Expectation Maps Are A Smart Way To Visualize Customer Journey Emotion
Talking to clients, it’s interesting to see and hear how the topic of “customer needs” still comes up as frequently as the sun comes out in Singapore. In a day and age when customer “needs” such as food, clothing, and human interaction are largely met, it makes sense for CX professionals to shift focus toward dynamically changing and ever-evolving expectations of what a quality experience should feel like.
When making a purchase online, for example, the “need” is for the item to get to the address provided in the time stated — that’s a given. It gets emotional when there’s a disconnect between the picture of the product purchased and the actual item received. Wildly exceeding or failing to meet expectations elicits emotional reactions that shape customer perceptions of the quality of a given experience.
Culture and language also have a very powerful influence on customer expectations, and companies need to be mindful of this when going after customers outside of their home markets and localize those experiences appropriately.
My latest report, part two in a three-part series on tools CX pros can use to customize customer experiences in markets they operate in overseas, explores expectation mapping as a tool to capture diverse emotional elements to augment your existing customer journey work.
If you’ve been following our blog, you’ll know that the Data Insights team here at Forrester has been tracking the evolution of US healthcare reform over the past three years and its implications in terms of consumer behavior, attitudes, and expectations. Our study began in July 2012, when we advised health insurance companies how to prepare for the flood of new customers entering the market. Two years later, my colleague Gina Fleming extended this analysis into Forrester’s Healthcare Segmentation, which provides a refined understanding of key customer profiles. Now, with our 2015 Consumer Technographics® Healthcare Survey just back from field, we can complement our understanding of the US consumer health insurance market with another layer of insight: the member’s journey to purchasing health insurance:
I recently had the pleasure of facilitating three customer journey mapping workshops for clients. For me, the most rewarding part of these workshops is when, all of a sudden, you see the light bulb go on for the participants. It can be the realization that their customer has to jump through an inordinate number of hoops to submit a simple service request or have to wait five to 10 days for repair . . . or when the workshop participants realize they have no idea what their customers are doing or thinking, but maybe they should.
Just as the light-bulb moment can be different for each person, the insights they deem most valuable can vary and include:
Ideas for designing future-state experiences. A group of participants from a retailer created a future-state journey map illustrating how customers could sign up for a credit card and rewards program while shopping in-store. They identified scenarios for how store associates could approach customers with credit card offers without seeming intrusive as well as appropriate opportunities to follow up with customers by email or mobile app if they chose not to enroll right away. These types of insights can then inform the design of the new credit card and rewards experience.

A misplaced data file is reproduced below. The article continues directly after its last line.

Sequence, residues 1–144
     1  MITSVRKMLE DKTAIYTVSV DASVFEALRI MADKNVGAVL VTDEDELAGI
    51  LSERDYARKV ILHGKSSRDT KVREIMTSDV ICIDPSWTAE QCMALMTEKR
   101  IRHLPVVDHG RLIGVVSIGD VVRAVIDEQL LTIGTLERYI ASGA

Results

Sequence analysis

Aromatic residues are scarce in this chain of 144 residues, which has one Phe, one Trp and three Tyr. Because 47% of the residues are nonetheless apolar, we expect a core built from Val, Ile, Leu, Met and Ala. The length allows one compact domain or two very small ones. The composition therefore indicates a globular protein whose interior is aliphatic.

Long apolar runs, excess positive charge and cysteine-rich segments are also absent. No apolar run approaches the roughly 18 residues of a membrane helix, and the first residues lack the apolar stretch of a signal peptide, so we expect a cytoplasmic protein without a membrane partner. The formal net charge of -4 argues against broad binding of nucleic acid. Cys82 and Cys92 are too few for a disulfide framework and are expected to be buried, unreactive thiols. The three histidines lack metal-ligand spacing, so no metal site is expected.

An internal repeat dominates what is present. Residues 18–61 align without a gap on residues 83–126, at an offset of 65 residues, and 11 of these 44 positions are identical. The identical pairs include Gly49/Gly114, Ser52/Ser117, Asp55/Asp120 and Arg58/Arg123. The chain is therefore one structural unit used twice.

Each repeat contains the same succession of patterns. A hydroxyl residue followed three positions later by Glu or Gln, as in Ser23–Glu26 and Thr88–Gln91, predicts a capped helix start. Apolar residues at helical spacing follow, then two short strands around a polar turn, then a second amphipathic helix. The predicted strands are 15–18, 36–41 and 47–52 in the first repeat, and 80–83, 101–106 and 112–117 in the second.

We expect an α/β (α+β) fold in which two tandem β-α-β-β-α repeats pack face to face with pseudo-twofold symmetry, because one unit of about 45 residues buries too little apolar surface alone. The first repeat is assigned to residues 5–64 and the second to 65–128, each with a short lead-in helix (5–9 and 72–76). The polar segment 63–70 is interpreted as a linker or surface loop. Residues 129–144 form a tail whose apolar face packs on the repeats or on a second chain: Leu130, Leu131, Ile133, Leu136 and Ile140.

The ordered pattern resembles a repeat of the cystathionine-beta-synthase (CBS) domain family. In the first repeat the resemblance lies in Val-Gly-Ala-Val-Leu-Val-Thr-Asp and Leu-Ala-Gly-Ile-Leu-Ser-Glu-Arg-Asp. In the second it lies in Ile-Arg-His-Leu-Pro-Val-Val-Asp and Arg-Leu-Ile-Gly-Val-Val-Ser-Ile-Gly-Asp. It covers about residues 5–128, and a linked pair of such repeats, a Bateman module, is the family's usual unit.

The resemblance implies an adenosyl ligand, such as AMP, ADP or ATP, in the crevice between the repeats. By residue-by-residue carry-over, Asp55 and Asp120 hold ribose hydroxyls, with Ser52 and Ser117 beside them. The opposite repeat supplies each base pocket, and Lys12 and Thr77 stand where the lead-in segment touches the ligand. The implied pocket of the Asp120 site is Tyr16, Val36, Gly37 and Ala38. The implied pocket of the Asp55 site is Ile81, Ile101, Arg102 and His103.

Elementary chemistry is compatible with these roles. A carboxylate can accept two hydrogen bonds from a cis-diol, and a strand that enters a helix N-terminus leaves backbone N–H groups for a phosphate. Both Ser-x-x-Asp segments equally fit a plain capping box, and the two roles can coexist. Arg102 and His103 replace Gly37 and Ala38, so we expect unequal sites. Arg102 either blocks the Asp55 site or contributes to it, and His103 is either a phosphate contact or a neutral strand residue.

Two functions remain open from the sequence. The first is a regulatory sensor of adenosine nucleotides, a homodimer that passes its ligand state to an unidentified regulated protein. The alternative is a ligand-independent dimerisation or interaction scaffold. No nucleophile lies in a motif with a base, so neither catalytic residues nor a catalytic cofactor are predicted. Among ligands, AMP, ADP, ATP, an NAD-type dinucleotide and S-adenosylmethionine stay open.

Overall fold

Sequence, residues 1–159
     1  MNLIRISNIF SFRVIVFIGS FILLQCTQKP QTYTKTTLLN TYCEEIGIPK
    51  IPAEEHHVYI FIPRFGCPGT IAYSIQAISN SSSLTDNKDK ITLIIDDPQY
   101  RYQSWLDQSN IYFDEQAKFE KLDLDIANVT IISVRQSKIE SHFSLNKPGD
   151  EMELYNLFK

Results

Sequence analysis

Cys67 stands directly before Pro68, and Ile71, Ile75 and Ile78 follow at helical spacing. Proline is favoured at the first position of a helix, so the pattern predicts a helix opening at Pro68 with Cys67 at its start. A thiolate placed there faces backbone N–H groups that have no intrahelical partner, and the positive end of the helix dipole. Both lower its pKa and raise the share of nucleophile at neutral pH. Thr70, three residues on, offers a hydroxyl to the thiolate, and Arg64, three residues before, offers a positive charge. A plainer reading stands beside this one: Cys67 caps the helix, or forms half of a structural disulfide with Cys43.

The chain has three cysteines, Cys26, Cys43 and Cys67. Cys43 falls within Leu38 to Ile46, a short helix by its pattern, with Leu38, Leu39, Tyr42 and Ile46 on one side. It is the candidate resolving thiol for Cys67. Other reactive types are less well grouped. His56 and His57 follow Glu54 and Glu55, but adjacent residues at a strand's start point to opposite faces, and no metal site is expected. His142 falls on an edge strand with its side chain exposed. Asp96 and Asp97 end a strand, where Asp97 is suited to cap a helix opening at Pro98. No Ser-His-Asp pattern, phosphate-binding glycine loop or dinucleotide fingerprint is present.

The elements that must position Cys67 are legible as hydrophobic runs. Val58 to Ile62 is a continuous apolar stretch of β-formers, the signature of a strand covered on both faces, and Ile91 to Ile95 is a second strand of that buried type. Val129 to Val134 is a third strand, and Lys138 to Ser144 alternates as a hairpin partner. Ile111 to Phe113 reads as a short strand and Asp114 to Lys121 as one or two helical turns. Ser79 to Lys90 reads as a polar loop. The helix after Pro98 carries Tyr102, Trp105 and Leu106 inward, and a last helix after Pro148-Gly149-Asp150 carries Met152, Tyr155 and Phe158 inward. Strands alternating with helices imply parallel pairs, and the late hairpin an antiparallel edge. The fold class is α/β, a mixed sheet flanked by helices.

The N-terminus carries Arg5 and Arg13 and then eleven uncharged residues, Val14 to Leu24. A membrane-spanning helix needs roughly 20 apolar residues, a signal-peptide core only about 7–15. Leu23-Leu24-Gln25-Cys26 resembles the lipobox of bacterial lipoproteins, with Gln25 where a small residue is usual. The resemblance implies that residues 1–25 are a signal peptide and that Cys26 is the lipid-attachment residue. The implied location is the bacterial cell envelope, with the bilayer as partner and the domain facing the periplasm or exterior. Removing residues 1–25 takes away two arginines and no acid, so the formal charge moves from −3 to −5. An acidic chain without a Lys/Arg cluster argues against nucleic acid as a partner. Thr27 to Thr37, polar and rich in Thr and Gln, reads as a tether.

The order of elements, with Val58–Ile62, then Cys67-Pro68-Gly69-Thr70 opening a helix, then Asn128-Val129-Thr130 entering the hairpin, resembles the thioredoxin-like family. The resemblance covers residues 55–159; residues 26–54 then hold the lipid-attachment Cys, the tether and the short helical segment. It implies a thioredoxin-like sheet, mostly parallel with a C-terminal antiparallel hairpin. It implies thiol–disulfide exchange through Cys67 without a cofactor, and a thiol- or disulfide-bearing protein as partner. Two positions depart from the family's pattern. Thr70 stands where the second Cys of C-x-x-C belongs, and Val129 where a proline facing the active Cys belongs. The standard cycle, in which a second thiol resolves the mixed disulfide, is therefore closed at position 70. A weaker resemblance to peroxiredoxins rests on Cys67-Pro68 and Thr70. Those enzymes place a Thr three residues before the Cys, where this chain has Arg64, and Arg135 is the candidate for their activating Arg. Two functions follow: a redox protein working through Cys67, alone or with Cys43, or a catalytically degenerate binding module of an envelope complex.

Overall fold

A sense of empathy for the customer. We ask workshop participants within the same organization to wear name tags because not only do we not know them but also most of the time they don’t know each other. In one workshop, the organization was siloed, as most are, and each participant owned her own small functional part of the customer journey. But no one had insight into or ownership of the entire process. When brought together to analyze the health of the end-to-end journey, participants walked away with a shared understanding that what they were each doing individually wasn’t working for the customer as a whole.
After moving to a new apartment in September, I needed to get a new TV. My first instinct was to gather information from a few sources. I browsed online retailers to get an idea of prices, and I looked at manufacturers’ marketing content to understand the latest technologies like 3D TV. After all of that, I turned to consumer reviews and discussions to get a feeling for whether I would actually find those features valuable. (For example, some customer reviews helped me confirm that I didn’t want 3D TV.)
Where did I find those reviews? Everywhere — there are star ratings and comments on product pages at retail sites (like John Lewis and Amazon.com), technology media sites (like CNET) and manufacturer websites. Interestingly — I got the feeling that the manufacturers still aren’t entirely comfortable with the transparency that social media brings. They’d like to put a spin on the message, even if they can’t entirely control it — For example, Panasonic’s UK site has a page that promotes “5 Star Reviews Of The Month” (see the screenshot below). I can't think of a situation when I'd want a firm to guide me only to the most positive reviews of its products. Can you?